The Most Popular Pebble Tile Myths Busted
Pebble tiles are an interesting trend that has taken hold of the home project front in recent years, and shows no sign of slowing down. People love the natural look and unique texture these stone-studded tiles provide, boosting the bathroom or kitchen aesthetic easily, without having to spend a ton of money on installation.
However, with every new product on the block comes skepticism, and from this certain misconceptions may arise. Is the glorious pebble tile too good to be true? Behold, while some gripe that this type of flooring has its fair share of problems, it’s important to remember that many of these problems can be prevented simply by correctly installing the tiles.
In this post, we look at some of the more common problems or myths we hear about regarding natural stone flooring, and what the truth is behind the grout.
Myth No. 1: Pebble Tiles Won’t Drain Water Properly in the Shower
This is one of those problems that can arise, but only if installation and stone choice is subpar. For example, river rock pebble tiles are notorious for holding in moisture. As well, if the tile grout isn’t filled enough, water can get stuck in crevices, holding moisture.
In humid circumstances, this can lead to mold growth that can be a pain to clean. However, by ensuring the grout is filled enough, drainage shouldn’t be a problem.
And the river rock dilemma? Not to worry- pebble tiles come in all varieties of stones. Sliced pebbles make it easier for water to drain, or try an elegant Black Polished Pebble Tile for a sleek, uniform look in the shower.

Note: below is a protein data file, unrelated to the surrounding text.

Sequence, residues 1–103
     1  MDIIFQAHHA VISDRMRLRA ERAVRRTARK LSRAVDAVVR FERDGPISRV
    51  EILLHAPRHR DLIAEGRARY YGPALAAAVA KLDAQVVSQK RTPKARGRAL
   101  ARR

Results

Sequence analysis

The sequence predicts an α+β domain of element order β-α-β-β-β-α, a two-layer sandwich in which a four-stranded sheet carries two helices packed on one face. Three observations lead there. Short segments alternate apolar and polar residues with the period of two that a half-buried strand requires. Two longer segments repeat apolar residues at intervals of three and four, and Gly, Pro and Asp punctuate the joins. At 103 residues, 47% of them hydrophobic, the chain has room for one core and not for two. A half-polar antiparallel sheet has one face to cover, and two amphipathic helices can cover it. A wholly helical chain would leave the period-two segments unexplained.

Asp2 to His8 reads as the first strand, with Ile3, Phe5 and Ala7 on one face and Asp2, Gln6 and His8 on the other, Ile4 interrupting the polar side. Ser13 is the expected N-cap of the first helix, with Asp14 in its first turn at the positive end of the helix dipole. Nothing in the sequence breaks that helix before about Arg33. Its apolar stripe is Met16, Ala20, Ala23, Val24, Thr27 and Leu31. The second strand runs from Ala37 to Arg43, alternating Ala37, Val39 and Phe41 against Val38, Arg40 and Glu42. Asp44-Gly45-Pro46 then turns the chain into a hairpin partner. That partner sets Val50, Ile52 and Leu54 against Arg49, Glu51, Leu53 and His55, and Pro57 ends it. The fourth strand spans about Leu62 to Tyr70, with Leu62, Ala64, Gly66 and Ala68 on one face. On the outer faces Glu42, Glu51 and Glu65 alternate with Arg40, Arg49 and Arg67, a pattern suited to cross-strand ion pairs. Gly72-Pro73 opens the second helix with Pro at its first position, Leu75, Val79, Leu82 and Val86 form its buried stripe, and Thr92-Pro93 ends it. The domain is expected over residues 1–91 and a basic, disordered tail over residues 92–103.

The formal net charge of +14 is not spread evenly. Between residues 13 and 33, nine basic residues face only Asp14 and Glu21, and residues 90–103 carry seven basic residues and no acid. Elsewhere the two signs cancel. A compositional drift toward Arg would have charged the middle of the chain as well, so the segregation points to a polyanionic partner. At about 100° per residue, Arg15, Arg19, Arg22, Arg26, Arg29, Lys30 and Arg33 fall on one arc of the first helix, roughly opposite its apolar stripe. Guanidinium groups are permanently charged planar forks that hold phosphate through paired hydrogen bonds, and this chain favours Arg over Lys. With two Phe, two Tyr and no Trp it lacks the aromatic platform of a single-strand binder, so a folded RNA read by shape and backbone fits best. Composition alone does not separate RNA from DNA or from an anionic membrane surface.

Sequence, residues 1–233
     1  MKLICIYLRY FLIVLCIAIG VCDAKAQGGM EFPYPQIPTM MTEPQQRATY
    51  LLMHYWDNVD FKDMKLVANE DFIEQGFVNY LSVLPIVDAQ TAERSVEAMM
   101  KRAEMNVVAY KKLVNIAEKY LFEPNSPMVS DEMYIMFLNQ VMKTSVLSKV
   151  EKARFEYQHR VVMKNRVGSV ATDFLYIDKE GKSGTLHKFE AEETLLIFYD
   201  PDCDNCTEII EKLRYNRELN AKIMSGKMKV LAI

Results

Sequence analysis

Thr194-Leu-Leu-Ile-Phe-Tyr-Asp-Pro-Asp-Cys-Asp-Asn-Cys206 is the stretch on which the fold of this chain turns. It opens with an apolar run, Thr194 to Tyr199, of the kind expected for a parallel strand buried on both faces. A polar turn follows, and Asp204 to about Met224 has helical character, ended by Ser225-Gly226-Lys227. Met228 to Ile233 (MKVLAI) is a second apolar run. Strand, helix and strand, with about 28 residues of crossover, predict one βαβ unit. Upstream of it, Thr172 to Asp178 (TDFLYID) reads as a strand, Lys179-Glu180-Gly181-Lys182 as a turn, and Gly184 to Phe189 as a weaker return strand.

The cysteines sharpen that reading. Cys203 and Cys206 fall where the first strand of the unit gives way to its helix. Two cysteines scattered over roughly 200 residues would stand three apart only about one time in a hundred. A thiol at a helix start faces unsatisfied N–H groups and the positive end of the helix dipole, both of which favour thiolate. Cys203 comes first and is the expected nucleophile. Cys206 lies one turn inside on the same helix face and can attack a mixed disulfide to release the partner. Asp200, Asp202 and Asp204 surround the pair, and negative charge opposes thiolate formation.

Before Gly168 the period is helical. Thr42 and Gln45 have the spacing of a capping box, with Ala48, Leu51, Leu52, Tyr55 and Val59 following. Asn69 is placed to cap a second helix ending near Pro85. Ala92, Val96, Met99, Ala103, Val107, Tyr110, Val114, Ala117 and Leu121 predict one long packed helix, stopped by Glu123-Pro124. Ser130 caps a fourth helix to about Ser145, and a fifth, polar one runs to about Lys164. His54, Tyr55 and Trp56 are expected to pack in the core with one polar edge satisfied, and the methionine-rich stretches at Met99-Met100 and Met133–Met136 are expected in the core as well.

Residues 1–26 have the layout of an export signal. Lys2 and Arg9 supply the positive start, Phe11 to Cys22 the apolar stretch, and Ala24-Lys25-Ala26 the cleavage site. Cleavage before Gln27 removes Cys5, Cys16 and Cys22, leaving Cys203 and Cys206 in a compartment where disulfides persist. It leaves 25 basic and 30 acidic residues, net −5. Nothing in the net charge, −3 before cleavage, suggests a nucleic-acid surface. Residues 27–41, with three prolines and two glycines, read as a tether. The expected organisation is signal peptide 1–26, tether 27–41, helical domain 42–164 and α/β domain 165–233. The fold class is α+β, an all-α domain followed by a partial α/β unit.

Myth No. 2: You Can’t Have Pebble Tiles if You Live in a Hard Water Zone
Hard water can be a pain for interior design purposes. Mineral build-up happens over time, which is bad news for pebble tiles when it comes to maintenance. However, don’t let anyone tell you that having natural stone flooring with hard water isn’t possible.
There are a couple of different options here. First, if you have pebble tiles in your shower, a regular cleaning with vinegar should keep mineral deposits at bay, which shouldn’t be a big issue since everyone is cleaning their bathrooms at least once a week, right?
If you want as low maintenance as possible, then try incorporating pebble tiles in a different way so that it’s still part of your design, but don’t come into contact with water. For example, you could install the tiles as a kitchen or bathroom backsplash. One of the biggest benefits of this type of material is that it is highly versatile and can be used virtually anywhere within the home.
Myth No. 3: Pebble Tiles Hurt Your Feet
Once again, it’s all about installation and also personal preference. Many people love the feel of the smooth, rounded stones under their feet, likening it to a relaxing foot massage. However, some people are certainly more sensitive than others and may find the uneven texture uncomfortable.
There are two ways to get the feel just right. For one, you can use sliced stone tiles to create a flat surface that is easier to stand on as opposed to a rounded surface. You can also be mindful to use enough grout during installation, lessening the severity of the rounded edges of the stones.